More Christo and Jeanne-Claude

Wrapped Trees, Fondation Beyeler and Berower Park, Riehen, Switzerland 1997-98

“The temporary large-scale environmental works (both urban and rural environments) have elements of painting, sculpture, architecture and urban planning.

For instance the Surrounded Islands, Biscayne Bay, Greater Miami, Florida,1980-83. could be seen as giant flat paintings (shaped canvases).

… Once the work of art has been read for what it really is, then the process preceding the completion is easily understood.

Nobody discusses a painting before it has been painted.

… But architecture and urban planning are always discussed before completion. People discuss the possibility of a new bridge, a new highway, a new airport before those are built..

Our projects are discussed and argued about, pro and con, before they are realized.

To understand our work one must realize what is inherent to each project.” – Christo and Jeanne Claude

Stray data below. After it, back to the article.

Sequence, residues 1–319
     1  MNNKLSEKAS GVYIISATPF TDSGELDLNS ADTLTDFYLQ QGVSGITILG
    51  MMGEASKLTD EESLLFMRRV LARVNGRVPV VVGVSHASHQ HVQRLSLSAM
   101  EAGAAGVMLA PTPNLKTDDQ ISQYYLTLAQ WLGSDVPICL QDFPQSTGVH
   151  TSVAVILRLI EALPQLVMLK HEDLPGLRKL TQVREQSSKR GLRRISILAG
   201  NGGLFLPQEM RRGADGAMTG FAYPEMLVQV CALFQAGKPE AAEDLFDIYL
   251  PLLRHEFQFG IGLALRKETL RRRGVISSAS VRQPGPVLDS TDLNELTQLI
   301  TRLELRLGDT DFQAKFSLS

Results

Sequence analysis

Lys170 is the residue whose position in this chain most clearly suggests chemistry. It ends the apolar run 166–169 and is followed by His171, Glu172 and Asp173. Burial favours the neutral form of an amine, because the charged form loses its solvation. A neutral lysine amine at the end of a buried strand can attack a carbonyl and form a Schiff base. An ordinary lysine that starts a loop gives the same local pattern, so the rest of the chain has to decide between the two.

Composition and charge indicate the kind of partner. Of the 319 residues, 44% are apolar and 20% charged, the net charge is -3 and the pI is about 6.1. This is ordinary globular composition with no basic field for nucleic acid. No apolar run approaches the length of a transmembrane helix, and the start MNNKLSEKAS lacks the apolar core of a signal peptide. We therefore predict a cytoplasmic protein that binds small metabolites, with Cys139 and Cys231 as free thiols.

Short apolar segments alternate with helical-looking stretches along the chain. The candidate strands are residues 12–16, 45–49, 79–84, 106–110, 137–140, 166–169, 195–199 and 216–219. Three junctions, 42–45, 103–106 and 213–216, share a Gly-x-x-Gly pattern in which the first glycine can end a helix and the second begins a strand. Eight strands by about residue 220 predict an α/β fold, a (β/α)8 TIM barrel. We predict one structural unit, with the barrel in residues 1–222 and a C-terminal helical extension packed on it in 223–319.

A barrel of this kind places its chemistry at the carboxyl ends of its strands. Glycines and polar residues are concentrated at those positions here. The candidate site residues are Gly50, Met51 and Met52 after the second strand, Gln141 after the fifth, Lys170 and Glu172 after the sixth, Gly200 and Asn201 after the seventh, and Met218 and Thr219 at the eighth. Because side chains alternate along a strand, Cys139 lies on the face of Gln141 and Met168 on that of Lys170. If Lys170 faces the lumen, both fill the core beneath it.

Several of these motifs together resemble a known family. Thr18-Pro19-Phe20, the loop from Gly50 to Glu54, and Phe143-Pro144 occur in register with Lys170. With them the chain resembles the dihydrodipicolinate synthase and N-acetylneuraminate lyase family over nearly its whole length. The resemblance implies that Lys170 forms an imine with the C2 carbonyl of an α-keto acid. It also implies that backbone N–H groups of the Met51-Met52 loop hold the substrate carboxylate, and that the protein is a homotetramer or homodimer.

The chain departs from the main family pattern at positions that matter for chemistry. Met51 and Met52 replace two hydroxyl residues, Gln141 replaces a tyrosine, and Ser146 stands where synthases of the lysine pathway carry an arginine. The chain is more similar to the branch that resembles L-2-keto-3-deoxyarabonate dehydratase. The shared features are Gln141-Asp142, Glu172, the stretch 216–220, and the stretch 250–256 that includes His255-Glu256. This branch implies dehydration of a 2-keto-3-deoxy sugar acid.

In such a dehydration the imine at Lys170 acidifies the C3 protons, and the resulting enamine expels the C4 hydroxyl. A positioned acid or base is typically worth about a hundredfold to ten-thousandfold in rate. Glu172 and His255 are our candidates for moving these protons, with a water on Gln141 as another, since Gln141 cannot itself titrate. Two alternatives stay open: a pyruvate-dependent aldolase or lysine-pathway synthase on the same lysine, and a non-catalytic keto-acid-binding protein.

Wrapped Walk Ways, Jacob Loose Park, Kansas City, 1977-78


Surrounded Islands, Miami, Florida 1980-83

Wrapped Coast, Little Bay, One Million Square Feet, Sydney, Australia 1968-69

Valley Curtain, Rifle, Colorado 1970-72

Ocean Front, Newport, Rhode Island, 1974

Wrapped Reichstag, Berlin 1971-95

Wrapped Fountain and Wrapped Tower, Spoleto, Italy 1968

The Wall, Wrapped Roman Wall Via Veneto and Villa Borghese, Rome, Italy 1974

5,600 Cubicmeter Package Documenta 4, Kassel, Germany, 1967-68

Running Fence, Sonoma and Marin Counties, California 1972-76

Museum of Contemporary Art, Chicago, Wrapped and Wrapped Floor and Stairway Chicago, 1968-69

The Umbrellas Japan – U.S.A. 1975-85

The Pont Neuf Wrapped, Paris 1975-85


Wrapped Monument to Vittorio Emanuele, Piazza Duomo, Milano, Italy, 1970

Christo and Jeanne-Claude were an artist couple that were both born on June 13, 1935. Christo studied at the Fine Arts Academy in Sofia and Jeanne-Claude went to school in France and Switzerland at the University of Tunis. They met in Paris in 1958 when Christo was commissioned to do a portrait of Jeanne-Claude’s mother.

Although their work was visually impressive and often controversial as a result of its scale, the artists have repeatedly denied that their projects contain any deeper meaning than their immediate aesthetic impact. The purpose of their art, they contend, is simply to create works of art or joy and beauty and to create new ways of seeing familiar landscapes.

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